The way in which brain cell membrane phospholipid metabolism changes in association with PUFA supplementation is of academic and clinical importance. During the last decade of the twentieth century, the main method used non-invasively to study human brain cell membrane phospholipids in vivo was via 31-phosphorus magnetic resonance spectroscopy and the quantification of membrane phospholipid metabolism carried out through the measurement of phosphomonoesters, which index membrane phospholipid anabolism, and phosphodiesters, which index membrane phospholipid catabolism. Unfortunately, this methodology only provides an indirect measure of membrane phospholipids.
It is now possible non-invasively to study brain cell membrane motion-restricted phospholipids directly, in spite of the large chemical-shift anisotropy of the 31-phosphorus-containing moieties that are confined to a relatively rigid (in nuclear magnetic resonance terms) membranous structure (Puri et al., 2008)). The method involves analysis of the broad spectral component which underlies the narrow peaks which are more usually the focus of attention of 31-phosphorus neurospectroscopy data analysis. Indeed, it is interesting to note that in the past this very same broad component has actually been considered by some to be an unwanted spectral component which should be removed (Estilaei et al., 2001). The broad component integral can be derived using the convolution difference resolution enhancement method from image-selected in vivo spectroscopy sequence spectra (Estilaei et al., 2001; Roth and Kimber, 1982). The required broad component is given by the difference between the measured raw signal intensity, S, and the term S(1 – f.exp(-πLt)), where f is the convolution-difference factor (that is, the fraction of the broad component contributing to the acquired signal at a given echo time), L is an exponential filter, and t represents time. The corresponding integral can be obtained by fitting the spectrum to multiple Gaussian lines, minimizing residuals, and summating over all Gaussian-line integrals. Estilaei and colleagues obtained T2-magnetization decay curves by plotting the broad component area as a function of the echo time (Estilaei et al., 2001). A suitable fit is given by S(t) = Sle-C + Sse-D, where S(t) is the total magnetization at t, and Sl and Ss are the respective equilibrium magnetizations for the slow and fast decaying components, C = (echo time)/(spin-spin relaxation time for the long T2 component), and D = (echo time)/(spin-spin relaxation time for the short T2 component). With spin-spin relaxation time for the long T2 component (T2l) » spin-spin relaxation time for the short T2 component (T2s) (Kilby et al., 1990), and with echo time (TE) ≈ T2l, it can be demonstrated that ln S(TE) = ln (Sl + Ss) – SsTE/(T2s (Sl + Ss)), while with TE ≈ T2s, the right-hand side of the last equation becomes approximately ln Sl – TE/T2l (Estilaei et al., 2001). The required corresponding fitting can then be simply carried out using linear registration.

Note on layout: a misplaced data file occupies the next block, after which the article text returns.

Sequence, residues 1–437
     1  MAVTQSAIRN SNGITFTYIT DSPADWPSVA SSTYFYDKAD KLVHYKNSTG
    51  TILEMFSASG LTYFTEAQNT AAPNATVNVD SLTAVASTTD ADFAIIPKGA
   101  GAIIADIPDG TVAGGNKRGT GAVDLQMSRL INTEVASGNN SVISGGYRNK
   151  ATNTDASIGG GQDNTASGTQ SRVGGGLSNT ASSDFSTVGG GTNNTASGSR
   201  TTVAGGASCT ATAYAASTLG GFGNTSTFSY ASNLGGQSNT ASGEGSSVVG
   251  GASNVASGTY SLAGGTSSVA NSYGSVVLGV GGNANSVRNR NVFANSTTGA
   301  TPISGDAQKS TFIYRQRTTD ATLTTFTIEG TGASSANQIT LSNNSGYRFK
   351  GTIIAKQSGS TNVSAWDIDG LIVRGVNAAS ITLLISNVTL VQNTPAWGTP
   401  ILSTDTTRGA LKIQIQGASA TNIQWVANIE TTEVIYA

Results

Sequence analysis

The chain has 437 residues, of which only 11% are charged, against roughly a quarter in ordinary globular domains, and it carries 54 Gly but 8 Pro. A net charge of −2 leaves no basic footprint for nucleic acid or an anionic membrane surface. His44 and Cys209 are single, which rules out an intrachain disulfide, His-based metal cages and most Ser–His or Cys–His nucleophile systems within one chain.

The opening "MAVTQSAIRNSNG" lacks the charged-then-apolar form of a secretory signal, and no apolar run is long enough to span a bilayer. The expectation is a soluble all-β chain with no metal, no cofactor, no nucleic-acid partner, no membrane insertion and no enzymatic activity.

Our group have analyzed the broad component in two different groups of patients with schizophrenia, one group of whom had committed serious and dangerous acts of violence while psychotic (including homicide) and the other group of whom had no forensic history and were suffering predominantly from negative symptoms, but so far we have been unable to find evidence consistent with the lipid membrane hypothesis of schizophrenia (Puri et al., 2008).
Clearly this new methodology should be used in future studies of PUFA supplementation.
I should like to thank the British Medical Research Council (MRC) for funding my work mentioned in this paper, and I should also like to thank Hammersmith Hospital, London and Imperial College London.
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To cite this article: Puri BK. Effects of PUFA supplementation evidenced by brain imaging. OCL 2011; 18(4): 199–201. doi : 10.1051/ocl.2011.0401